Kenny Dillingham was a risk for Arizona State — so far, he’s passing the test

TEMPE, Ariz. — Kenny Dillingham arrived for his first preseason Arizona State news conference a few minutes early, upbeat as usual. He then talked for 28 minutes about his first football season, the program’s initial recruiting success — deftly appealing to local businesses for NIL help — and when it was over he turned to a media official and simply asked, “That was it?”

Dillingham has been on the job for 233 days. On Nov. 27, at a news conference that unfolded not far from where he spoke Monday, he broke down in tears, elated to take over the football program headquartered just a few miles from where he grew up. That seems like forever ago.

What’s in store for this season? Not even Dillingham knows. He likes his team, but he’s only seen the Sun Devils practice. He said he and his staff took over the program at “Square 1,” which is not exactly true. Coming off the Herm Edwards era, with an NCAA investigation hanging over the program, Arizona State was nowhere close to Square 1. Dillingham and staff had to work all offseason, rebuilding a 3-9 roster and re-establishing recruiting ties, just to get there. It was their first major victory.

Over the last eight months, two truths have emerged: Dillingham, hired at age 32 and without college head-coaching experience, is the biggest gamble Arizona State football has taken. (Even Edwards, hired out of retirement, had success as an NFL head coach.) And yet, no one has ever seemed better suited for this job. This was clear Monday. Dillingham made no promises. Only that his team would play hard. And that no one would put on the uniform unless they shared the same passion he had for the university.

Arizona State fans have heard this before. Edwards stayed clear from the rah-rah stuff because it was not his nature and he was smart enough not to fake it. He took a more measured approach. But Todd Graham was more like Dillingham. Everything Dillingham has said about Arizona State potential — the pull of the Valley of the Sun, the power of a packed Sun Devil Stadium — Graham said, too, calling this his dream job, only in a Texan accent.

Graham meant it — the Pat Tillman statue, a charge which he led, is proof — but with Dillingham, it sounds different. It’s easy to think that he’s been away for so long during assistant-coaching stints at Memphis, Auburn, Florida State and Oregon that he’s forgotten how challenging this market can be. And how so many Arizona State fans can easily get lulled into indifference. But that’s not the case. Dillingham understands the hurdles. He just sees them as opportunities. That might be naive. Or it might be just what Arizona State needs.

Dillingham was asked Monday how difficult it is to recruit when the Sun Devils have yet to play a game under his watch. Unlike some coaches, Dillingham said, he doesn’t sell a vision. His pitch is simple. Come here. Work your butt off. Be successful. He said he recently told an in-state prospect not to commit to Arizona State because he could see in the prospect’s eyes that he needed to go “experience something else.”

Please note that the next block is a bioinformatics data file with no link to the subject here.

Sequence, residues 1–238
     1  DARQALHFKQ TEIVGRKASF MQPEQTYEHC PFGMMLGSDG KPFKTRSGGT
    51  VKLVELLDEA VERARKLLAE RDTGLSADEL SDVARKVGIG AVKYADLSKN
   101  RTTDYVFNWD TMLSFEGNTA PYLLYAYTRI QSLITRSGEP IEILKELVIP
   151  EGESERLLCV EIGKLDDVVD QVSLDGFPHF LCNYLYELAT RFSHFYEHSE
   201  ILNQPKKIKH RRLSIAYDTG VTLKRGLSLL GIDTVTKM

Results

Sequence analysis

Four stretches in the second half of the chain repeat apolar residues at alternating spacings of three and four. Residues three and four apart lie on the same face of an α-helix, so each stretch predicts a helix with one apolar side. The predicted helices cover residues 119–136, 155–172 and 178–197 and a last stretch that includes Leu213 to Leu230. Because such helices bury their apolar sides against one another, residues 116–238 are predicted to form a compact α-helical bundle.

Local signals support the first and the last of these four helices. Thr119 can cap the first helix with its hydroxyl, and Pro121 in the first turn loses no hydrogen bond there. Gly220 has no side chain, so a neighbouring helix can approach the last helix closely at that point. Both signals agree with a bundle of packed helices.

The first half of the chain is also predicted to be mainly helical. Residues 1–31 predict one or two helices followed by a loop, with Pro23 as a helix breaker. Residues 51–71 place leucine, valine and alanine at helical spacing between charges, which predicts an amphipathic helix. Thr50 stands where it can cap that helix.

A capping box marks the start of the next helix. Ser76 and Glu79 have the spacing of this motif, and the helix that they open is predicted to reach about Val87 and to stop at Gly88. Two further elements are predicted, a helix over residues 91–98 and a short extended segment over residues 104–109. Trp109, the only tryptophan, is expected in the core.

“I want people who want to be here,” Dillingham said. “Would I love that to be the top players in the state? Would I love to set a precedent that we’re going to help guys be successful in life and those guys flock here? Yes! Only if they want to be here, though. I’m not going to trick them to be here. I’m not going to promise them to be there. … The opportunity to work, but the opportunity to do it in front of your friends and family, that’s what should make this place special. The family aspect of staying home. That’s what makes this job special for me, so why shouldn’t it be special for them?”

It’s an interesting trickle-down theory, and it’s on display every time Dillingham, now 33, speaks, as obvious as his youthful appearance. If Dillingham cares this much, then his team should care this much. And if his team cares this much, then fans should care this much. For a program facing alleged recruiting violations, this actually is Square 1, a place where fans can feel good again about Arizona State football. To this point, before the first kickoff, mission accomplished.

A leap to Square 2 (say, bowl eligibility) may require more time. Dillingham admitted Arizona State had several unknowns. The quarterback position remains unsettled. Dillingham also said he didn’t know how the Sun Devils would respond to adversity, often the difference in winning and losing.

As for him, he pointed out that he had not coached on the field since his days coaching freshman high school football, having spent his entire college career in the coaches’ box. “Golly, how loud is it going to be?” Dillingham said, jokingly.

But overall? “Football’s football,” Dillingham said. Arizona State will have growing pains. That’s expected. But Dillingham and his staff should have time to work through them. To build. That’s a luxury in this sport. It won’t last forever. But with preseason camp about to open, Square 1 is not the worst place to be.



Kenny Dillingham’s path from part-time poop scooper to the FBS’ youngest head coach

(Photo: Darryl Webb / AP)

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